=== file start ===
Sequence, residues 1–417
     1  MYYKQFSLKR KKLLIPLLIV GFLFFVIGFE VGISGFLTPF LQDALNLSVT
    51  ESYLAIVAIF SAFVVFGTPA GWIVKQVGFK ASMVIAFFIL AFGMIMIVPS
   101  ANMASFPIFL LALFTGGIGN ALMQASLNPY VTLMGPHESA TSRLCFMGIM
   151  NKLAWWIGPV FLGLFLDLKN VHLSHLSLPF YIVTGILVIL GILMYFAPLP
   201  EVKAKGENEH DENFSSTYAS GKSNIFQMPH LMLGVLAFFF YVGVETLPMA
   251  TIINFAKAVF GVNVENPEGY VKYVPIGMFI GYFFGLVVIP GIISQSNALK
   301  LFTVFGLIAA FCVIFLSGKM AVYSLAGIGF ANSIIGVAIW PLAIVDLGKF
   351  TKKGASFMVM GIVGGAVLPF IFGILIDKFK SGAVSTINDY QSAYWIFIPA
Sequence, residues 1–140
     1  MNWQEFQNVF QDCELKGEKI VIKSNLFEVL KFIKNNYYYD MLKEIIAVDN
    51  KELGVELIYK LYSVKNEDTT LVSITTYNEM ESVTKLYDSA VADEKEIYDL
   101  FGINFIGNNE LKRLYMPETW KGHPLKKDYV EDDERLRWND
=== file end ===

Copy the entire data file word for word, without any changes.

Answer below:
Sequence, residues 1–417
     1  MYYKQFSLKR KKLLIPLLIV GFLFFVIGFE VGISGFLTPF LQDALNLSVT
    51  ESYLAIVAIF SAFVVFGTPA GWIVKQVGFK ASMVIAFFIL AFGMIMIVPS
   101  ANMASFPIFL LALFTGGIGN ALMQASLNPY VTLMGPHESA TSRLCFMGIM
   151  NKLAWWIGPV FLGLFLDLKN VHLSHLSLPF YIVTGILVIL GILMYFAPLP
   201  EVKAKGENEH DENFSSTYAS GKSNIFQMPH LMLGVLAFFF YVGVETLPMA
   251  TIINFAKAVF GVNVENPEGY VKYVPIGMFI GYFFGLVVIP GIISQSNALK
   301  LFTVFGLIAA FCVIFLSGKM AVYSLAGIGF ANSIIGVAIW PLAIVDLGKF
   351  TKKGASFMVM GIVGGAVLPF IFGILIDKFK SGAVSTINDY QSAYWIFIPA
Sequence, residues 1–140
     1  MNWQEFQNVF QDCELKGEKI VIKSNLFEVL KFIKNNYYYD MLKEIIAVDN
    51  KELGVELIYK LYSVKNEDTT LVSITTYNEM ESVTKLYDSA VADEKEIYDL
   101  FGINFIGNNE LKRLYMPETW KGHPLKKDYV EDDERLRWND